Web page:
[i] Hanlon, D. (2014). Making Micronesia: A Political Biography of Tosiwo Nakayama. Honolulu: University of Hawaii Press.

[ii] Underwood, R. (2006). “Micronesian political structures and US models: lessons taught and lessons learned” The Journal of Pacific Studies 29 (1): 4-24

Federated States of Micronesia – What does it take to become President?

We generally accept that it takes a combination of talent and social capital, hard work and endeavour, and some help from the goddess Fortuna, to become a President. The Pacific Islands region is no different. In this post I explore the profile of Presidents in the Federated States of Micronesia (FSM) and focus on common characteristics – family background, education and career[i] – in their pre-political trajectories, to build a picture of what it takes to reach the top job.

There have been seven presidents of FSM since the late 1970s. They serve for four-year terms but only the first President, Tosiwo Nakayama, completed the maximum of two terms. President Bailey Olter won a second term but could not complete it due to ill health and the current President, Emanuel Mori, is serving his second term.

Ron Crocombe argues that politicians in the Pacific have tended to be the sons and daughters of either traditional leaders or those who held positions with the colonial administration (and often a combination of both).[ii] While this may be a general trend, what makes FSM different is that the President is elected by the 14 Members of Congress from among their number and so, in the absence of political parties, the division of seats between the 4 states – 6 members are elected from Chuuk State, 4 from Phonpei State, and 2 each from Yap State and Kosrae State – heavily influences who ends up in the top job as a candidate must secure a combination of state votes to get elected. Members of smaller states have become President (Presidents John Haglelgam and Joseph Urusemal from Yap and President Jacob Nena from Kosrae) but linkages between states matter. For example, it is commonly recalled that the 2nd President, John Haglelgam of Yap state, received support from Chuuk State on the strength of his wife being Chuukese.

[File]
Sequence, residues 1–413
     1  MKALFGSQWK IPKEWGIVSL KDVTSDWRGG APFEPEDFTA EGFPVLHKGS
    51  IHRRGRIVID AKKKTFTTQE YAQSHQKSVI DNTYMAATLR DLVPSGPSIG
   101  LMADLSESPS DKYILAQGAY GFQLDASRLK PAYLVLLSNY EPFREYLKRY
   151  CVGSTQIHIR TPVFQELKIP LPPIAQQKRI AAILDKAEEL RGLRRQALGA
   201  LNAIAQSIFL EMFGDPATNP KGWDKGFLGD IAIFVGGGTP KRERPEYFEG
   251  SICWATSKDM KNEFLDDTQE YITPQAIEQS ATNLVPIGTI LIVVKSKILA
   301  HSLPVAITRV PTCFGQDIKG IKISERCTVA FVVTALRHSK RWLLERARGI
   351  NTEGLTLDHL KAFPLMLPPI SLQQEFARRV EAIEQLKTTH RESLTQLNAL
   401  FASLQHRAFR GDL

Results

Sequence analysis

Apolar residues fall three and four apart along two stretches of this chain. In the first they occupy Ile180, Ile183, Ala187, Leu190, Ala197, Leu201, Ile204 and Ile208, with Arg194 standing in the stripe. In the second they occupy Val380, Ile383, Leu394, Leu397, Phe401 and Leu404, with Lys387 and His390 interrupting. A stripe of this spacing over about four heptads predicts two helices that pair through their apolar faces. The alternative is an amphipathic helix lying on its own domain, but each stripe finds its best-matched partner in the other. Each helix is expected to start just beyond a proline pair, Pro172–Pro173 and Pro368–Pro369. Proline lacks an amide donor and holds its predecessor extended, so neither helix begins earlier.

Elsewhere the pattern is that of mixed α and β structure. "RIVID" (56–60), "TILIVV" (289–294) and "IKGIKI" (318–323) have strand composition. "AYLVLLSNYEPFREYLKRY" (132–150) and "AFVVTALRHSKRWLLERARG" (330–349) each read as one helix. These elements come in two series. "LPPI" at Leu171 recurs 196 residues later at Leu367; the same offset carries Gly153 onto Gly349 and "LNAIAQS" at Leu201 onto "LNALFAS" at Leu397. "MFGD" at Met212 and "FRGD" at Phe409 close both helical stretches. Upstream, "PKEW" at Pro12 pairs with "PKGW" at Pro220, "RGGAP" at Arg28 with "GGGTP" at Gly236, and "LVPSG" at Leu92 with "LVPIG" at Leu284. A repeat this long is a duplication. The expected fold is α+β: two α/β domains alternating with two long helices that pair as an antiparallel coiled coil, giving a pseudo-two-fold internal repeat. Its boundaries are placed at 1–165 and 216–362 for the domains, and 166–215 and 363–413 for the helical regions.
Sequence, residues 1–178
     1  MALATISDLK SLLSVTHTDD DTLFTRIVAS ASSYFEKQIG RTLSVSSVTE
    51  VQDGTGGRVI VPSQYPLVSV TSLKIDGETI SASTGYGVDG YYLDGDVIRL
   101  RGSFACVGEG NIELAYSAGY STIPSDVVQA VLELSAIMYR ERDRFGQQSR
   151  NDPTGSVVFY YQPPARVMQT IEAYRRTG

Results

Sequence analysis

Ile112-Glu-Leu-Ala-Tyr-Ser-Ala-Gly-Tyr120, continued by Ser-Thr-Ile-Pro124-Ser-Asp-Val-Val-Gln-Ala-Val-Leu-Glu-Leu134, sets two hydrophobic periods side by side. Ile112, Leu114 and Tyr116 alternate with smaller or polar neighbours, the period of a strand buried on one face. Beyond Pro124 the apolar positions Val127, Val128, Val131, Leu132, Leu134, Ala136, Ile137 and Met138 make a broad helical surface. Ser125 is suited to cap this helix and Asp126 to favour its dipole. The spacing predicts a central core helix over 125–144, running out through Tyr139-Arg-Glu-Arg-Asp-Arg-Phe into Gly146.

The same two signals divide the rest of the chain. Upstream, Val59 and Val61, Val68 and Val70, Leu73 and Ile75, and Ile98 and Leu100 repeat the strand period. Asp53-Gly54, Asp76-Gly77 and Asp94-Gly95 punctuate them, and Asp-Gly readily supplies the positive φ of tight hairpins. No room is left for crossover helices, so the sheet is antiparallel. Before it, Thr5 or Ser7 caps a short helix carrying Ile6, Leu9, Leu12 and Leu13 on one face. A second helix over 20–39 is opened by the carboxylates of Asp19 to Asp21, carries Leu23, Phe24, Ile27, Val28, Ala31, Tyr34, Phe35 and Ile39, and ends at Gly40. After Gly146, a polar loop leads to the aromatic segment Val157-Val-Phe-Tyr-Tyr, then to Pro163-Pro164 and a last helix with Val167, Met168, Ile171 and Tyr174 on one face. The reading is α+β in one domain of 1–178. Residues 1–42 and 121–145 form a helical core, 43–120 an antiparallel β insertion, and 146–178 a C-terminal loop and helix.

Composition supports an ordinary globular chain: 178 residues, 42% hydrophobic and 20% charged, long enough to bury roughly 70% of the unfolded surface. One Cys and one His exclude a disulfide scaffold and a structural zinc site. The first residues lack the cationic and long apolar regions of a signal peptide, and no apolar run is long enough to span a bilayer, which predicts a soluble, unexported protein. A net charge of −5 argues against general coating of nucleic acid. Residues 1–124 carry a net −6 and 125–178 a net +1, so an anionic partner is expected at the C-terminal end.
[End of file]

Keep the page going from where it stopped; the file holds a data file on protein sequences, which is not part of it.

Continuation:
Across the Pacific politicians tend to have atypical education backgrounds in the sense that they posses much higher qualifications than the average voter. Education infers status and respect, and voters also want politicians who understand how government works. Many received scholarships to undertake further studies and several key educational institutions feature repeatedly in the background of FSM Presidents, including Xavier High School and the University of Hawaii.

A background in public administration is the most common pre-political background in the Pacific and FSM is no different with most Presidents having spent some time employed by either the colonial administration – the United States Trust Territory of the Pacific Islands – or a combination of post-colonial institutions in the FSM. Presidents Nena (Kosrae) and Leo Falcam (Phonpei) were state governors before entering the national congress. Graduating from the position of vice-president is also not uncommon, with Presidents Olter, Nena and Falcam having served in both positions. By convention, key posts (President, Vice-President, Speaker etc.) are divided between the 4 states each term.

Combined, this brief profile paints a picture of pre-political pathways dominated by elites with an above average education and extensive political and administrative experience. However, in this sense they are not vastly different to most Members of Congress who share similar attributes. Increasingly, it costs large sums of money to get elected to Congress in the first place. From there, hard work and natural talent also plays its part, as does the guiding hand of Fortuna.

[i] For more in depth biographies see:

[ii] Crocombe, R. (2008). The South Pacific. Suva, Fiji: IPS Publications.